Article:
2. 2. Situation of Rural Health Care: A Study of Thoubal District, ManipurWorld watching Rural Health Mission: Sir Andrew, Director, London School of Hygiene and Tropical Health“What happens in India in the primary health sector will be crucial”. (The Hindu: 11: 2009) Admittance ofhealthy living conditions and good quality health is not only fundamental rights for each and every Indian, butalso crucial factor for socio-economic maturity of the nation. The country’s policy towards health has beentraditionally identified by the provision of primary healthcare as the states responsibility. The policy alsoencouraged the establishment of the countrywide, state run primary healthcare infrastructure. The policy hasremained silent on the role of the private sector in provision of healthcare. Notwithstanding to this, the privatehealth care sectors have developed to meet increasing demand for health care services. The following objectivesto achieve the strategies:(i). To measure the facilities of public health care services.(ii). To avail the health care institutions & accessible the primary health care.(iii). To create awareness the right to health on primary health care.(iv). To involve on the principle of community participation in the primary health care.(v). To evaluate the quality of service by health care provider’s to the communities.(vi). To study the minority and inequalities in healthcare. II. HEALTH PROFILE IN MANIPUR The present health profile of Manipur with reference to life expectancy, mortality patterns, and accesspreventive and curative care. However, large gaps in data limited the analysis. Relevant census 2001 data werenot available. National health and Family Survey (NFHS), a standard source of data on health data for thecountry, has not collected data for the northeastern states, including Manipur. The Sample Registration Survey(SRS) too has no recent and relevant data on the state. Despite the gaps in information, existing sources showthat Manipur enjoys relatively good public health indicators. Good individual and population health isinfluenced by material well being, which UNDP described as access to the income and assets required to lead adecent standard of living. The absence of technological progress agriculture, transformation on the self-contained tribal economy, and reduction in the carrying capacity of the land due to population pressure hastogether resulted in poverty in the area. Despite the low level of material well, the state has an impressive recordon select public health indicators. According to the National Human development Report (2001; 79-79),Manipur had the lowest infant mortality rate in the country from as early as 1981. Table 1: KEY HEALTH INDICATORS FROM NFHS-3 IN MANIPUR, INDIA Key Indicators NFHS-3 Residence Education NFH NFH from NFHS-3 (2005- No <5 5-9 10 S-2 S-1 06) Urban Rur educatio years years years (1998 (1992 al n compl Comple complet -99) -93) ete te e and above Marriage and Fertility 12.9 11.7 13.5 29.5 (23.9) 16.7 2.5 9.9 14.3 1. Women age 20-24 married by age 18 (%) 2. Men age 25- 11.6 9.2 12.9 * (17.8) 18.6 5.5 na Na 29 married by age 21 (%) 3. Total fertility 2.8 2.4 3.1 3.7 3.4 2.9 2.5 3.0 2.8 rate (children per woman) 4. Women age 7.3 4.2 8.6 25.4 11.9 5.6 3.8 na na 15-19 who were already mothers or pregnant at the time of the survey (%) 5. Median age at 23.7 ≥25 22.9 21.0 21.7 22.3 ≥25 23.1 22.4 first birth for women age 25- 49 www.iosrjournals.org 37 | Page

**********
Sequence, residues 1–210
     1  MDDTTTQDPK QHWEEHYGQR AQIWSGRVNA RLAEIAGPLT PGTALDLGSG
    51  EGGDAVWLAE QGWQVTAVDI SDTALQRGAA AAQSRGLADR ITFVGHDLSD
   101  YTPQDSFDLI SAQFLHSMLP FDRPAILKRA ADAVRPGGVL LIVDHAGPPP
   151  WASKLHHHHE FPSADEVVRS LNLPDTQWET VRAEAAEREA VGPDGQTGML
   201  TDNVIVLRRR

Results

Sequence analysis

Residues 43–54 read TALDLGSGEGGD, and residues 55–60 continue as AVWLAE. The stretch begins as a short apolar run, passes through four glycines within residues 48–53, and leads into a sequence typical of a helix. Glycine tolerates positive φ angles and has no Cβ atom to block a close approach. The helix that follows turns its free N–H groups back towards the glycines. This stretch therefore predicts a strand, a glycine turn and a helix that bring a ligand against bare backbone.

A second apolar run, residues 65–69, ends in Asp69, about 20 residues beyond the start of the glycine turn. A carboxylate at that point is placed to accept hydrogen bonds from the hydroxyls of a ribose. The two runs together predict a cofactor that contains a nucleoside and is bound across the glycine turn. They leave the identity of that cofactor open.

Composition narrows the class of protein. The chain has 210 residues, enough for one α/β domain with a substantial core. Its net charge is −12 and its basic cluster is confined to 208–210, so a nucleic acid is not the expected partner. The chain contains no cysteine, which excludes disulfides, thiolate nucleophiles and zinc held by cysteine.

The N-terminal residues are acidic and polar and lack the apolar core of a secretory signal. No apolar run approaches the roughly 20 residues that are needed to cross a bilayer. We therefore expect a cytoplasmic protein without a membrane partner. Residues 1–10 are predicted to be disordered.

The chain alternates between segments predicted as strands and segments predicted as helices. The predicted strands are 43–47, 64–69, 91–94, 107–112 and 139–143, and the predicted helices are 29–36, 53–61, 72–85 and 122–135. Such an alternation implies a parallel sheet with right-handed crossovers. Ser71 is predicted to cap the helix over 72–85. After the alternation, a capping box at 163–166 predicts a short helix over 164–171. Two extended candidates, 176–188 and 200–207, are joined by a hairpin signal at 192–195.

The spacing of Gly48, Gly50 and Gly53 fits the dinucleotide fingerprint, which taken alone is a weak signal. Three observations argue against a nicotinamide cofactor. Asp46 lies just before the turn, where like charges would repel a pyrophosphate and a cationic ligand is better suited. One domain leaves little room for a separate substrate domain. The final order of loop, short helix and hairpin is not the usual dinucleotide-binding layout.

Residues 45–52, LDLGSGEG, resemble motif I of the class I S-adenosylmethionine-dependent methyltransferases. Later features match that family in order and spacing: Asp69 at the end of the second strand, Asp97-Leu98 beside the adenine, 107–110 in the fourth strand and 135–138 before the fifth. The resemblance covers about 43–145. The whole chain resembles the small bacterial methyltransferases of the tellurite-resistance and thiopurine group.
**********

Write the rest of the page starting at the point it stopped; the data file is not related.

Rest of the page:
3. 3. Situation of Rural Health Care: A Study of Thoubal District, Manipur 6. Married 66.1 72.0 63.0 64.4 53.2 65.1 70.6 45.6 39.5 women with 2 living children wanting no more children1 (%) 6a. Two sons 68.8 81.0 62.1 (65.6) * (71.9) 75.1 na Na 6b. One son, one 76.2 76.4 76.0 74.9 * 75.1 79.1 na Na daughter 6c. Two 24.3 (35.0) 19.6 * * (17.8) (28.2) na na daughters Family Planning (currently married women, age 15–49) Current use 7. Any method (%) 48.7 54.5 46.0 43.2 48.6 50.8 51.9 38.7 34.9 8. Any modern 23.6 24.8 23.0 23.9 22.1 25.1 22.3 25.9 24.1 method (%) 8a. Female 8.2 8.9 7.9 11.9 11.0 6.4 5.6 14.4 10.9 sterilization (%) 8b. Male sterilization 0.5 0.6 0.4 0.3 0.5 0.6 0.6 1.1 2.9 (%) 8c. IUD (%) 5.3 4.0 5.9 4.1 4.4 7.0 5.1 6.8 6.7 8d. Pill (%) 5.3 4.7 5.6 5.5 4.8 6.8 3.8 2.2 2.4 8e. Condom (%) 4.1 6.4 3.1 2.0 1.5 4.1 7.0 1.3 1.2 Maternal and Child Health Maternity care (for births in the last 3 years) 10. Mothers who had 70.1 85.9 64.0 45.7 52.4 75.5 86.6 54.7 41.3 at least 3 antenatal care visits for their last birth (%) 11. Mothers who 13.9 21.8 4.2 4.2 8.9 11.7 24.3 na na consumed IFA for 90 days or more when they were pregnant with their last child (%) 12. Births assisted by 85.2 52.8 34.5 43.3 65.4 82.6 53.9 39.9 a 61.7 doctor/nurse/LHV/A NM/other health personnel (%) 13. Institutional 71.2 40.9 22.5 32.9 49.3 73.1 34.5 23.0 births (%) 49.3 14. Mothers who 70.1 40.9 24.4 31.4 47.5 73.2 na na received postnatal 49.1 care from a doctor/nurse/LHV/A NM/other health personnel within 2 days of delivery for their last birth (%) na : Not available ( ) Based on 25-49 unweighted cases * Based on fewer than 25 unweighted cases 1 Excludes pregnant women. 2 Based on the last 2 births in the 3 years before the survey to ever-married women. 3 Based on WHO standard. The National Rural Health Mission (NRHM) is being operationalized from April 2005 throughout thecountry, with special focus on 18 States which include 8 Empowered Action Group (EAG) States, 8 North-EastStates, Himachal Pradesh and Jammu & Kashmir, where the health infrastructure is weak. The same waslaunched in the North –Eastern States including Manipur in November 2005. The main aim of NRHM is to www.iosrjournals.org 38 | Page